What Does the Tongue Do?

tongue Credit: Images Bazaar/Images Bazaar/Getty Images

The tongue's main function is to help people eat. It promotes the sucking mechanism and helps transform solid foods into a substance that is easily swallowed. It also helps people determine flavors and tastes because of its rich supply of taste buds.

According to National Library of Medicine, the tongue and cheeks work in combination to expedite food between the teeth for chewing. The tongue pushes the crushed food up to the hard palate to get it ready for swallowing into the throat. According to Kids Health, the bits of mashed-up food that the tongue helps prepare for swallowing are called a bolus. The tongue's movements also compress the salivary glands to express saliva, which initiates the first stages of the digestion process, allowing food to slide down into the esophagus, or food pipe. The tip of the tongue is highly sensitive to the slightest touch, and because of this, the tongue effectively searches the mouth for foreign bodies that should not be swallowed. This prevents people from choking on small bones and splinters.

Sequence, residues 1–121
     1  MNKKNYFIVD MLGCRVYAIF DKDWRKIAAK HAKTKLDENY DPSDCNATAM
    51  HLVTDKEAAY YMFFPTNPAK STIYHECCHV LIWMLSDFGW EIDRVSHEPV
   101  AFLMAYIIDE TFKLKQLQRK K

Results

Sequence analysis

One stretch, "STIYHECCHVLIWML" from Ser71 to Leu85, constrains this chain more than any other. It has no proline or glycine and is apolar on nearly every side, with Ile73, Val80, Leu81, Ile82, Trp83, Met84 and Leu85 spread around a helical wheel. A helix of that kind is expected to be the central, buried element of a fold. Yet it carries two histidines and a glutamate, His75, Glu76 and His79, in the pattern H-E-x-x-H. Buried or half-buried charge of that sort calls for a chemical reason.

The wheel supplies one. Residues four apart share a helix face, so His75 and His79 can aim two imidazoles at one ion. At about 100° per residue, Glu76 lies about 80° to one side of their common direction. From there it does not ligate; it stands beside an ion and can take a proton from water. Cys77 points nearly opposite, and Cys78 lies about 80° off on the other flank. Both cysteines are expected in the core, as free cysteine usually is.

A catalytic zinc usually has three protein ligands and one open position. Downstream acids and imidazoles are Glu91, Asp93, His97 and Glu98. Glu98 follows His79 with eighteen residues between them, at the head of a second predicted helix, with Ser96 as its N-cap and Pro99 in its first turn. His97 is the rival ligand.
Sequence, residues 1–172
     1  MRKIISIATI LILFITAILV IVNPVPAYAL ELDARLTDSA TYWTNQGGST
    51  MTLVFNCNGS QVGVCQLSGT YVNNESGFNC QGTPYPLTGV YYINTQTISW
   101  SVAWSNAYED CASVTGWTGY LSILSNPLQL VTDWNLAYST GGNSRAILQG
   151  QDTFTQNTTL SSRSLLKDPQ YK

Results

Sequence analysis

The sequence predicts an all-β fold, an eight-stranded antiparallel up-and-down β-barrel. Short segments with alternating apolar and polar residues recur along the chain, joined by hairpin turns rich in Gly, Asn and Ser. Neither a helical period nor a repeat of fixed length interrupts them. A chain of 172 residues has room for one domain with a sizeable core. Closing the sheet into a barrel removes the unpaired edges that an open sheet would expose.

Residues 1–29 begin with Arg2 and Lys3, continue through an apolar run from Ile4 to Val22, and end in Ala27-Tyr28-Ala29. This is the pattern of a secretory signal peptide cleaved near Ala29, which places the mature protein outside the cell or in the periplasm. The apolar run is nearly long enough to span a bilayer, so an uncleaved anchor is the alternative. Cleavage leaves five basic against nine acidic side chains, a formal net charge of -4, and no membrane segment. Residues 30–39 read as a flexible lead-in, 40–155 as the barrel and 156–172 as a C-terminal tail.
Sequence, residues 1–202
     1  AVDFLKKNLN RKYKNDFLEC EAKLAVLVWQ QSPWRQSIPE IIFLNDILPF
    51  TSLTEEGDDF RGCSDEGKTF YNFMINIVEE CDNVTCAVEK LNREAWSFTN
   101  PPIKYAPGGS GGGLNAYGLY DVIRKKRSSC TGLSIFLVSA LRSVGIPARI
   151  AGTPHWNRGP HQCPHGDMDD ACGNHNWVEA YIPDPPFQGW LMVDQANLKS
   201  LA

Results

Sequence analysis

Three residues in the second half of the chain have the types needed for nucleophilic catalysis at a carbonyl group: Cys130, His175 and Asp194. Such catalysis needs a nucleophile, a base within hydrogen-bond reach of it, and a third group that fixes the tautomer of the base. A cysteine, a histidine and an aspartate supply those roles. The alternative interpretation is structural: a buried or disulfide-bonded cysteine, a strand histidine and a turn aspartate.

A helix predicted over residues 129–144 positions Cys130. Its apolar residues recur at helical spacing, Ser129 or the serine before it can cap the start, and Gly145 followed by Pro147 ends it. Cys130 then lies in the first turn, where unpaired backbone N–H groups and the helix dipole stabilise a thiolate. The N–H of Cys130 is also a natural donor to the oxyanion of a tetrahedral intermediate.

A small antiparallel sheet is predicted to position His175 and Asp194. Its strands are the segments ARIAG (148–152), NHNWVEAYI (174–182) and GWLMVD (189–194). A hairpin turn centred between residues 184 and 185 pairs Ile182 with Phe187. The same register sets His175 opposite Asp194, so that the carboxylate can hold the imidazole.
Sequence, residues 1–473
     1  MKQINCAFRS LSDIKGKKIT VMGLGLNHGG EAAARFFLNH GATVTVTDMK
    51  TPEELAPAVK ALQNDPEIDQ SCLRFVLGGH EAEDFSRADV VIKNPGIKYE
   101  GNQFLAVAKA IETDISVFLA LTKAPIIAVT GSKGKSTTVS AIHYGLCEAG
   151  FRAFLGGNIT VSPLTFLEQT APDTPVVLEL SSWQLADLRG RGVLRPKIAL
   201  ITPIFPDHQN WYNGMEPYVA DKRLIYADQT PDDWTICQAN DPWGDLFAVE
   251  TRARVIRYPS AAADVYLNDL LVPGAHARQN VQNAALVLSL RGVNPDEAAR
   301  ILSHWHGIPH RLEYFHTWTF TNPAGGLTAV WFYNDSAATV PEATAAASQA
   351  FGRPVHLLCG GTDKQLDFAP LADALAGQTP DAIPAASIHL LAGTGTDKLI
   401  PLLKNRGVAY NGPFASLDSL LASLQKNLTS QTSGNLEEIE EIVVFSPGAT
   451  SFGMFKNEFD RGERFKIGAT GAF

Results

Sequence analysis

The tongue is also used for speaking. It works with the teeth and lips to turn sounds generating from the throat into recognizable words. It also helps defend the body against viral and bacterial invasion that can enter the blood stream via the mouth. The back of the tongue is rich with lymphatic tissue, and together with the lymphoid adenoids and the tonsils, the tongue helps the body fend off harmful invaders that can cause illness.